Starting with a remnant of the assembly of Israel, Jesus built a new assembly on the confession that he is the long-awaited Messiah (Matthew 16:18). Not only Peter but all the apostles represented that “little flock” (Luke 12:31-34). The Twelve represented the new Israel (Matthew 19:28 = Luke 22:30), the nation rendering the fruits of the kingdom that the old Israel did not (Matthew 21:43). That is how the judgement of the nations according to how they treated Jesus’ brothers (Matthew 25:31-46) will fulfill the prophecy that the Gentiles would be judged according to how they treated Israel (Joel 3:1-12).
The call of the Twelve, including Judas, is the call of the new holy nation to proclaim the glad tidings of the kingdom (Matthew 4:19). The end will not come until that good news, the same gospel committed to Judas, is preached to all nations (Matthew 24:14; see Mark 14:9). In these last days, the church continues the same apostolic ministry of the new covenant in the Messiah’s blood (Luke 22:20). That continuity means every believer does both the works he did—healing the lame, giving sight to the blind, raising the dead—and greater works (John 14:12).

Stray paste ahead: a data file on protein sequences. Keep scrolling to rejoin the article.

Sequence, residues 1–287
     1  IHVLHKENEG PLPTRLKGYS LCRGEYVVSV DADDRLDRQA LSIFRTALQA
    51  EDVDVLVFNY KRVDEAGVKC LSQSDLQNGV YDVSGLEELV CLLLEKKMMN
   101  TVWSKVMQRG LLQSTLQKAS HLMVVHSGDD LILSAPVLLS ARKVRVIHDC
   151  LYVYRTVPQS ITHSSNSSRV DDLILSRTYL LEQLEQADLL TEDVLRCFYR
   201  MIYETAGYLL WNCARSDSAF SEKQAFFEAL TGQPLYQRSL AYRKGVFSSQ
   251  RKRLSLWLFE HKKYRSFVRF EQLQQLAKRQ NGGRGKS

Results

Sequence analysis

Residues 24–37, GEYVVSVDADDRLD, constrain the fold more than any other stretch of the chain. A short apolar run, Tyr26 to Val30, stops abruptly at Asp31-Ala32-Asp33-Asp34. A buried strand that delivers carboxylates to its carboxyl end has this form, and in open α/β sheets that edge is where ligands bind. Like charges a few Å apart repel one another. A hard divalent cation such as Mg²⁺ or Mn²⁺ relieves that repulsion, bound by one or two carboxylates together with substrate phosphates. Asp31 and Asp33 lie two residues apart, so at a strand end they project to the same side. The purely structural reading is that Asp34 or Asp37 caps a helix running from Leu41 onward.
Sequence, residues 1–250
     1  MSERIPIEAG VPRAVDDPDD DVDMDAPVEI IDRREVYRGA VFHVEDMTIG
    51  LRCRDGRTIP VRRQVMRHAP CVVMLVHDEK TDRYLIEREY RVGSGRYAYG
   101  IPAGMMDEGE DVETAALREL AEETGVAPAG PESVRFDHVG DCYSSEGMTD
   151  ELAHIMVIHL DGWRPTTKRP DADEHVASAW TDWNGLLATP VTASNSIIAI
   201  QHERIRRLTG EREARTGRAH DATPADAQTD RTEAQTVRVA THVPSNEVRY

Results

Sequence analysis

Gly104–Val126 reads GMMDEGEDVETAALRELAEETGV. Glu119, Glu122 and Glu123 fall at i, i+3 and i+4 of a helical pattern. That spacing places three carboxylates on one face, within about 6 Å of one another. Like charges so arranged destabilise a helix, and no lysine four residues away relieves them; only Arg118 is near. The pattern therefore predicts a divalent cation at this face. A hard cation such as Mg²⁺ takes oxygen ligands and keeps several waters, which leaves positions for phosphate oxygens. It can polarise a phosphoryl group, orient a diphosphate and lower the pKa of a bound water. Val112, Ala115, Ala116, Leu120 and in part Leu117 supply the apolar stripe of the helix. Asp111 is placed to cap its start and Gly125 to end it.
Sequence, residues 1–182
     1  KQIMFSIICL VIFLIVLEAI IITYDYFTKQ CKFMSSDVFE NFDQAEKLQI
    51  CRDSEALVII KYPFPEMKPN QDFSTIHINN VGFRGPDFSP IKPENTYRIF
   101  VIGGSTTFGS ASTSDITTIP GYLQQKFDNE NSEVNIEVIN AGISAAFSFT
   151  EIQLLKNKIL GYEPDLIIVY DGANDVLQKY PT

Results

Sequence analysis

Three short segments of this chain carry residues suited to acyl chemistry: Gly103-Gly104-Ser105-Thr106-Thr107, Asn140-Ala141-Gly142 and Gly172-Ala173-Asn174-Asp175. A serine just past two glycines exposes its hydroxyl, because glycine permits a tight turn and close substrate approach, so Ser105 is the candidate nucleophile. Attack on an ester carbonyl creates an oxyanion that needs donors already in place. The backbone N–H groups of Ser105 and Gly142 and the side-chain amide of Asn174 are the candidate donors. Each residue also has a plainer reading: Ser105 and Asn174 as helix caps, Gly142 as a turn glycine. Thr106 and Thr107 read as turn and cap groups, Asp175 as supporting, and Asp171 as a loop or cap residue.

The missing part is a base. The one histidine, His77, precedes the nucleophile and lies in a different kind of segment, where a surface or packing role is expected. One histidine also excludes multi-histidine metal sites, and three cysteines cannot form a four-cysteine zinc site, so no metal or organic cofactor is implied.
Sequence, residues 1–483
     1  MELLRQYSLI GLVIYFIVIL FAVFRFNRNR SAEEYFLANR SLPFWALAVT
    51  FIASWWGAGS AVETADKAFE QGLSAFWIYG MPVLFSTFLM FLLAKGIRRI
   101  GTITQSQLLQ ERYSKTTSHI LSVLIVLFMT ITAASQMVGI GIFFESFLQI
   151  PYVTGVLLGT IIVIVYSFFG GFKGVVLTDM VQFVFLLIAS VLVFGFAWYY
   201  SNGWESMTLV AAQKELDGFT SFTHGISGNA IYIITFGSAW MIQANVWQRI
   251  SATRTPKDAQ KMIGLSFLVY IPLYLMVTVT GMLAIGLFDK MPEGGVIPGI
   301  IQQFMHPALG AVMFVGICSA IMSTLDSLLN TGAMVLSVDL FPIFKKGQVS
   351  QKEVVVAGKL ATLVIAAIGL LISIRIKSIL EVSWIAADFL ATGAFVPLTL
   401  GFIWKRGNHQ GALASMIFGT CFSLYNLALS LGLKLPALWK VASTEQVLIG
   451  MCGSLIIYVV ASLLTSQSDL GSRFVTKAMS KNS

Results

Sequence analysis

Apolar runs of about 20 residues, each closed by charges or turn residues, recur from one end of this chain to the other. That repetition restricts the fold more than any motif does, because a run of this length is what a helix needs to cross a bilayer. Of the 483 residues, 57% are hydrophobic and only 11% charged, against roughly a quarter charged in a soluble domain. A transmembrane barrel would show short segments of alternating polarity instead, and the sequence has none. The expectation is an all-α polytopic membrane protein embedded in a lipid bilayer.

The call of the Twelve to the public, representative ministry anticipated their taking the place of the priests and prophets, the public ministers of the old covenant. The breaking dawn of the new kingdom in the proclamation of peace by the Messiah and his ambassadors was nightfall for the temple-centered ministry of the word. That ministry of types and shadows gave way to the apostolic ministry as the light of the world filfilled one Messianic prophecy after another. John the Baptist, the greatest minister of the law and the prophets, gladly decreased as Jesus increased. Even he, the greatest of the old covenant, ranked under everyone in the new kingdom (Matthew 11:11).
In conclusion, there is no ministry of the word other than the ministry committed to the Twelve to proclaim the gospel of the kingdom, the good news of righteousness from God. That continuity of the public ministry of the New Covenant is acknowledged in the Treatise on the Power and Primacy of the Pope. Jesus did not commit the ministry to them by giving it originally to Peter but rather in his calling of all twelve apostles (Treatise 10, German translation). As the ministry was thus originally given to the new Israel, that holy nation retains the authority to appoint public ministers of the gospel (see John F. Brug’s “The ministry of the apostles and our ministry”).